Pork Barrel Politics: Boris Johnson facing corruption legal battle over £4.8bn ‘levelling-up fund’ that sent cash to Tory areas

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Pork Barrel Politics Boris Johnson facing corruption legal battle

The High Court has granted permission for a legal challenge to the “Levelling Up Fund”

The Good Law Project has been granted permission for a legal challenge to the “ Levelling Up Fund ”. It is claimed the huge £4.8bn fund pretends to be the centrepiece of a levelling up agenda – The Good Law Project think it’s just a way to funnel money into constituencies of political benefit to the Conservative Party.

Judges agreed to hear a legal challenge brought by the Good Law Project, stating: “The grounds are arguable.”

The lawsuit, formally filed against Rishi Sunak, Robert Jenrick and Grant Shapps in their government roles, could find that the centrepiece of the government’s so-called “levelling-up” agenda is unlawful.

The leafy market town constituencies of Mr Sunak and Mr Jenrick are among the areas to benefit from an unusual funding formula that critics accused of amounting to “pork barrel politics”.

Jolyon Maugham, the barrister who founded the campaign group, said: “If you think that it’s coincidence that Tory marginals are huge beneficiaries I have a fine bridge to sell you. To ensure the Tories don’t use public money for party purposes, the Good Law Project is suing.”

This permission decision means the Government will have to defend itself in Court. It’s the latest in a string of permission decisions that have gone in Good Law Project’s favour. Of the 14 cases we have issued since the start of 2020, the Court has granted permission in 11 at the first time of asking. Since 2010, official statistics show that this has only happened in 17% of all judicial reviews. Good Law Project’s success rate on the other hand is a staggering 78%. Judges clearly agree that the Government is acting in ways that deserve closer scrutiny, and they see the importance of the cases we bring.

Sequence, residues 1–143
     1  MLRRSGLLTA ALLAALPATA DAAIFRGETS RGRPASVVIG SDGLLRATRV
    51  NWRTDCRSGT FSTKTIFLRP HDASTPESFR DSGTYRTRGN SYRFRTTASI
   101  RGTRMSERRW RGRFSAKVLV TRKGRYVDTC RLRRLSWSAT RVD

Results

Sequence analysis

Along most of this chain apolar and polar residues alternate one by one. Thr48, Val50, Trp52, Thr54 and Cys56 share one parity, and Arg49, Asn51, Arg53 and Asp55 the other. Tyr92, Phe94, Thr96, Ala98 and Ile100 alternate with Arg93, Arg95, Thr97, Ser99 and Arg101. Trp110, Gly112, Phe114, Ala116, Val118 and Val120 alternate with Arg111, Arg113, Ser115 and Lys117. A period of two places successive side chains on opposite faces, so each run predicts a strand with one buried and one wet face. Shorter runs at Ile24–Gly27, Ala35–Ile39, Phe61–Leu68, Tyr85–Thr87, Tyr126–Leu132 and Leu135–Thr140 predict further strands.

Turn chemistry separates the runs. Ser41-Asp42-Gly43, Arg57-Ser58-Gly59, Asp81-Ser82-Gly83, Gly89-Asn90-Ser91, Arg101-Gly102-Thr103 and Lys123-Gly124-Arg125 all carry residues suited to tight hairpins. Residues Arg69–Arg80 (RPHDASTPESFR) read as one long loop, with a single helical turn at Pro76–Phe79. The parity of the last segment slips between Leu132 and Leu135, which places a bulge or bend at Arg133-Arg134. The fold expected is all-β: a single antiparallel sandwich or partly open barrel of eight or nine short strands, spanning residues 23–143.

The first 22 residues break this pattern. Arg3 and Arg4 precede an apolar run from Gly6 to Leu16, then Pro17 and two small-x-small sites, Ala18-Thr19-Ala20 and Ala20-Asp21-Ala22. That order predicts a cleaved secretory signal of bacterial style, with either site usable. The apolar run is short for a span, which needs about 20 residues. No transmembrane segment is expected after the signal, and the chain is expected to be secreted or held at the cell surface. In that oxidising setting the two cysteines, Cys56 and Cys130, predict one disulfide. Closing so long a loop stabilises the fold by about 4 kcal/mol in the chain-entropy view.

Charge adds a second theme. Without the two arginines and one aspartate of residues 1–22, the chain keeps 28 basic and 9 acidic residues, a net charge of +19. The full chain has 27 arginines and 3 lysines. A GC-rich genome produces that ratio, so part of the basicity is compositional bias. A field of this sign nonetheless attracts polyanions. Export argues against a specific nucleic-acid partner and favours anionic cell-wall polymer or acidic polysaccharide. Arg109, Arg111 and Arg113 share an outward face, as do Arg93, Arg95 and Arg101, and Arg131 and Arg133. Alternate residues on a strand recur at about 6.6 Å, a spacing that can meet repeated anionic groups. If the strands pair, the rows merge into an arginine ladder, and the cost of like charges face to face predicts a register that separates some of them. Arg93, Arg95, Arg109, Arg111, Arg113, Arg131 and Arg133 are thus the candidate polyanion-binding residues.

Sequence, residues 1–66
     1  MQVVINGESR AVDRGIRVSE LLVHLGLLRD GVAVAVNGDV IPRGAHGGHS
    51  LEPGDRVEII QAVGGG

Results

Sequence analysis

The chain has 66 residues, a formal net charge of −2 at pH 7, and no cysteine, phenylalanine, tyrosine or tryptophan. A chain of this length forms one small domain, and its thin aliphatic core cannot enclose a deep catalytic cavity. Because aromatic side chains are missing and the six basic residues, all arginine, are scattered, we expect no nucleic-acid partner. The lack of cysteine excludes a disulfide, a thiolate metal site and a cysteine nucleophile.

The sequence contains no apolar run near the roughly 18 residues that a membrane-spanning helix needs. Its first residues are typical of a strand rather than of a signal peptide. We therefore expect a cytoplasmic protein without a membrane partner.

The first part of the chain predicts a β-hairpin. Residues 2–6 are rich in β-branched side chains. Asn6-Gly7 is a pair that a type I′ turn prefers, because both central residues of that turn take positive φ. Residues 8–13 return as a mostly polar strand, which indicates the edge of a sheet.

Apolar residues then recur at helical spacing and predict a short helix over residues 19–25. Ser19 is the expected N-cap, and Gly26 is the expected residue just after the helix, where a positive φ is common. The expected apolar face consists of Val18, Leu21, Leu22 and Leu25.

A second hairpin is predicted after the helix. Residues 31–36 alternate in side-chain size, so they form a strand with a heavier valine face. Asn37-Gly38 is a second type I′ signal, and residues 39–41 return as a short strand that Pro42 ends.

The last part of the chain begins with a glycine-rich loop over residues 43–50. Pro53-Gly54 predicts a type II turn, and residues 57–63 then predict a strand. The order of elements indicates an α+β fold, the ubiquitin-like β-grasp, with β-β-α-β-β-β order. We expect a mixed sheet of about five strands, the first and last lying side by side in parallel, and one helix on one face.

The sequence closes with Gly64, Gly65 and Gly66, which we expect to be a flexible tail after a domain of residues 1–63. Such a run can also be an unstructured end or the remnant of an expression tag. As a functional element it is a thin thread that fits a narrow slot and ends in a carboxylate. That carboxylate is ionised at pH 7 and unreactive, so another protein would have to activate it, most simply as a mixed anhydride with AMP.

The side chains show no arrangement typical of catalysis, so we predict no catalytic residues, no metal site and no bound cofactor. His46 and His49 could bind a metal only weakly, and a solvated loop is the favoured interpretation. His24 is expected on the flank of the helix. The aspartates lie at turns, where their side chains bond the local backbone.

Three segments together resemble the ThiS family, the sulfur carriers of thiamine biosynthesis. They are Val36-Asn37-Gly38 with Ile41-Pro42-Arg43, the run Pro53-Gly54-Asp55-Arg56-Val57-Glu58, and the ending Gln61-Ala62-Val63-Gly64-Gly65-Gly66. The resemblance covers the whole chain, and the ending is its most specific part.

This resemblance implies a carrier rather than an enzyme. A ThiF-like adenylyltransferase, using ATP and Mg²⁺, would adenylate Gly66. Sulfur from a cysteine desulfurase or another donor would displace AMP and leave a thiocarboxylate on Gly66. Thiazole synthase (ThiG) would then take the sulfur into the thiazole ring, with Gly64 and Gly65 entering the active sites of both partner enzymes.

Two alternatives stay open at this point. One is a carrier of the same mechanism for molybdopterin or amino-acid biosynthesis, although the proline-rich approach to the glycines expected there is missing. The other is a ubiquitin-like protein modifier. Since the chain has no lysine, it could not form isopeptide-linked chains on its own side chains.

Campaigners cited an investigation by the National Audit Office, which found that the government’s list of targets for the cash had been published without supporting information to explain why they had been chosen.

The House of Commons’ cross-party Public Accounts Committee had also said the lack of transparency had left to concerns of “political bias” in the allocation of funds.

Forty out of the first 45 schemes to be approved under the fund in March had at least one Conservative MP.

The campaigners cited Chris Hanretty, Professor of politics at Royal Holloway, University of London, who looked at the funding formula and evidence presented by the National Audit Office and government.

“On the basis of the data collated by the ministry and published by the NAO, there is robust evidence that ministers chose towns so as to benefit the Conservatives in marginal Westminster seats,” he wrote.

“This evidence is robust in the sense that the effects persist even when controlling for other town characteristics that might justifiably affect selection.

“Choosing towns to benefit a particular party goes against the seven principles of public life (the ‘Nolan principles’), and in particular the obligation to ‘take decisions impartially, fairly and on merit, using the best evidence and without discrimination or bias’.”

The Good Law Project has previously challenged the government in court over alleged cronyism in PPE contacts, clean air, and access to remote education during the pandemic.

A spokesperson for the Ministry of Housing, Communities and Local Government said in response to the suit at the time: “The £4.8bn Levelling Up Fund is open to all places in Great Britain and will play a vital role in helping to support and regenerate communities.

“The published methodology makes clear the metrics used to identify places judged to be most in need. It would not be appropriate to comment on potential legal action.”

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